Fans on social media have been debating whether or not they felt AlphaTauri were trying to help Red Bull at the Dutch Grand Prix.
Max Verstappen had been leading Charles Leclerc in Zandvoort, and the pair had made their first stop of the race from Softs to Mediums.
The two Mercedes drivers, Sir Lewis Hamilton and George Russell, started the race on the Mediums, and were planning a one-stop onto Hards.
Their switch onto the white-walled rubber put the two leaders back in front, but Verstappen and Leclerc still had an additional stop to make, so the finish was set to be a tremendously exciting one.
Things got a little more interesting though when Yuki Tsunoda stopped by the side of the track after a pit stop, and reported that one of his wheels had not been fitted properly.
After his engineers had gone over the telemetry though, they could not see anything wrong with any of the four tyres, so they told him to slowly make his way back round to the pits.
In the meantime, Leclerc had stopped for Ferrari, putting him back behind the Mercedes cars, while Verstappen stayed out.
When Tsunoda returned to the pits, the mechanics spent half a minute refastening his safety harness, as he had started to undo it while he was stationary.
The Faenza-based squad sent him back out again, only to find that he did indeed have a terminal issue; it was just not the problem the Japanese driver thought it was.
He therefore stopped again soon after he had re-joined, and this caused a Virtual Safety Car, giving Verstappen, Hamilton and Russell a free stop.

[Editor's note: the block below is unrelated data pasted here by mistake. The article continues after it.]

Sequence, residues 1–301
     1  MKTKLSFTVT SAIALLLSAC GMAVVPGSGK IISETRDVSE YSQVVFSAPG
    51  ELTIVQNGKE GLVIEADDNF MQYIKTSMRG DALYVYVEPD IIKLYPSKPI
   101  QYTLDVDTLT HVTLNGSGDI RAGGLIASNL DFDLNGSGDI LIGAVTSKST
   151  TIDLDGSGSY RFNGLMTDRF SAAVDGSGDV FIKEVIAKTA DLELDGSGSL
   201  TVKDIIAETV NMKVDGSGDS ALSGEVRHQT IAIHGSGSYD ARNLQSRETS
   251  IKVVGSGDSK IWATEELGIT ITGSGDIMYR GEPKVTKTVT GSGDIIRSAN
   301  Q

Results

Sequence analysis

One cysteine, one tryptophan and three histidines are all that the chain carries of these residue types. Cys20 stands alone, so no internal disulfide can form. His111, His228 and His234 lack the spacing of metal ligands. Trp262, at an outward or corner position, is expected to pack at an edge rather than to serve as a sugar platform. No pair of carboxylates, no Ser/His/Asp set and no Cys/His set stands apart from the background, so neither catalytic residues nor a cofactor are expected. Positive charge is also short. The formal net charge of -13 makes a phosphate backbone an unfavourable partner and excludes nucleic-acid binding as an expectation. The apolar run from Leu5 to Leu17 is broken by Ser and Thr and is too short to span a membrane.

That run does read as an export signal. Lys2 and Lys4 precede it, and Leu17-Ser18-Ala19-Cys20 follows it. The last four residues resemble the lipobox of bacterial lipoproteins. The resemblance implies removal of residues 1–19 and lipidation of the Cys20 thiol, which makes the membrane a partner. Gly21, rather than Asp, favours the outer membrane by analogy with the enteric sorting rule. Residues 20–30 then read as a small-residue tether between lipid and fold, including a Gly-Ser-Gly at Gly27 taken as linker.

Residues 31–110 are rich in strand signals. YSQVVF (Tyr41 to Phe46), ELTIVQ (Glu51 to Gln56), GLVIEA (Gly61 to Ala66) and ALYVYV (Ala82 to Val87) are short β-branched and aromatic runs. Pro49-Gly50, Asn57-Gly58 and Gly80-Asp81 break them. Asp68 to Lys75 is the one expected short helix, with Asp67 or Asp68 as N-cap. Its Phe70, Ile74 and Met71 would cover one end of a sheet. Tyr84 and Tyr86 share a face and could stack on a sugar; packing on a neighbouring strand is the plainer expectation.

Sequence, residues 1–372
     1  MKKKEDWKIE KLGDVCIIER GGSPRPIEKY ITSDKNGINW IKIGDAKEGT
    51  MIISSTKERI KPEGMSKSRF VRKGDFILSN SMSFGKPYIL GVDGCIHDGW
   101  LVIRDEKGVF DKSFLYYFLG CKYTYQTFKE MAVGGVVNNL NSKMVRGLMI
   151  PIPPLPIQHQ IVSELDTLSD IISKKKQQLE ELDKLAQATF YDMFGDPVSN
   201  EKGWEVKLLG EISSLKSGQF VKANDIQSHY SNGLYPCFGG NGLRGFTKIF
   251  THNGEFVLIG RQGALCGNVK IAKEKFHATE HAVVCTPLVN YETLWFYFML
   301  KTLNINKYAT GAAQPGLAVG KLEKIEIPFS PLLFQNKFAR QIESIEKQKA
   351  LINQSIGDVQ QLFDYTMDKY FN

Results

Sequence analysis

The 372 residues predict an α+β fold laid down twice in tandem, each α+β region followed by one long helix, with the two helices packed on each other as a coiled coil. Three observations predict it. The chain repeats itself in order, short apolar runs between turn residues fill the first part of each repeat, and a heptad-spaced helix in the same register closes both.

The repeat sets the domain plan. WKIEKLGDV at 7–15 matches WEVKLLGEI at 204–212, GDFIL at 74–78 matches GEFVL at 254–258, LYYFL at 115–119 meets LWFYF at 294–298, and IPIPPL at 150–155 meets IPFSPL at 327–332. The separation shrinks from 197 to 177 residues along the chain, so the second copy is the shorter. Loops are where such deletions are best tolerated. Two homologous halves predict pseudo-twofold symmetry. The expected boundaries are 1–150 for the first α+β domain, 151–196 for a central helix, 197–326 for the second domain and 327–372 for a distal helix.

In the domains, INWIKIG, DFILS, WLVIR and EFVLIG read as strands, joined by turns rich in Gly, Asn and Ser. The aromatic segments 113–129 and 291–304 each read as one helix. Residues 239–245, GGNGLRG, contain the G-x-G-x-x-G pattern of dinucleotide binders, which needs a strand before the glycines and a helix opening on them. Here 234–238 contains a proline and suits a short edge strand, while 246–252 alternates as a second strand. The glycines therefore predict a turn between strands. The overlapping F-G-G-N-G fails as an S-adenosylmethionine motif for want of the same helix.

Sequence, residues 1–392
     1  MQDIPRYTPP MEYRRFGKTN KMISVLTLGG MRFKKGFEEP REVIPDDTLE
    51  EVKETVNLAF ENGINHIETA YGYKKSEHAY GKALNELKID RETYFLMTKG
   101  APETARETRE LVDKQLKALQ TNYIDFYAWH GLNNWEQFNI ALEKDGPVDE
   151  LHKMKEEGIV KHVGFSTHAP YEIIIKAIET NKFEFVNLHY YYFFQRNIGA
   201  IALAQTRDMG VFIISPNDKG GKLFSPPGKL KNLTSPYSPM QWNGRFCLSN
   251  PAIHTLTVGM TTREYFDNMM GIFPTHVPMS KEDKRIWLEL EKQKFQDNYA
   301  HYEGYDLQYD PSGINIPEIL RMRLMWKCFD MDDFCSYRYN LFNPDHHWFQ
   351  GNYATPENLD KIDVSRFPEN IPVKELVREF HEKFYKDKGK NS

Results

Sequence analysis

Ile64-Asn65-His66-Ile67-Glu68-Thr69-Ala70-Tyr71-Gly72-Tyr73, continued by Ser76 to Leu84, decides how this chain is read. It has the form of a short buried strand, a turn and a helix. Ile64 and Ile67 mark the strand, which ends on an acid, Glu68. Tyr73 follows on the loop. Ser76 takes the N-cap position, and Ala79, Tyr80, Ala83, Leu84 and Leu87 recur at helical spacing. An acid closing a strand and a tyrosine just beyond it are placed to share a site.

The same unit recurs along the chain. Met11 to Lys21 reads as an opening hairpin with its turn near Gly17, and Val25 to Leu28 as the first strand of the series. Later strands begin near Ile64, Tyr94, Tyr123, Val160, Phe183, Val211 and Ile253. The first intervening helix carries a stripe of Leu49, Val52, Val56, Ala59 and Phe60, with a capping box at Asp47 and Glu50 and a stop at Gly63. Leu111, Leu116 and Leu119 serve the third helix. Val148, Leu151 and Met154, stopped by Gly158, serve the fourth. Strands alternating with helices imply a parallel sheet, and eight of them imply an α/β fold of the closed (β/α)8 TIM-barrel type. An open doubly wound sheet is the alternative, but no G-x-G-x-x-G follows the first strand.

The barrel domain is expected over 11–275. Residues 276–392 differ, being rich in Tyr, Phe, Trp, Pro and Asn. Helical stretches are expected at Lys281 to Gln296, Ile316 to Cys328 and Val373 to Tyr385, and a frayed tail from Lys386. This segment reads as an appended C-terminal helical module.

Leclerc lost out as a result, while neither Mercedes were able to take advantage of Verstappen’s second stop of the race.
Since AlphaTauri are Red Bull’s junior team, the theory was floated out that they had been told to disrupt the race, and help Verstappen win.
While some fans are adamant that there was foul play by the Italian team, others rubbish those suggestions, affirming that it was a coincidence that Tsunoda’s retirement caused the VSC.
AlphaTauri themselves took to social media to deny any wrongdoing, and they condemned the abuse being sent to Red Bull strategist Hannah Schmitz, who some fans on Twitter believe orchestrated an elaborate plan to win Verstappen the race.
“It is incredibly disheartening to read some of the language and comments directed at our team and towards Red Bull Racing’s head of strategy, Hannah Schmitz,” read a statement.
“Such hateful behaviour cannot be tolerated, and to entertain accusations of foul play is unacceptable, untrue and completely disrespectful towards both Hannah and us.
“We have always competed independently, fairly and with the highest levels of respect and sportsmanship.
“Yuki had a failure that the team didn’t immediately detect which caused him to stop on track.
“To suggest anything different is insulting and categorically incorrect.”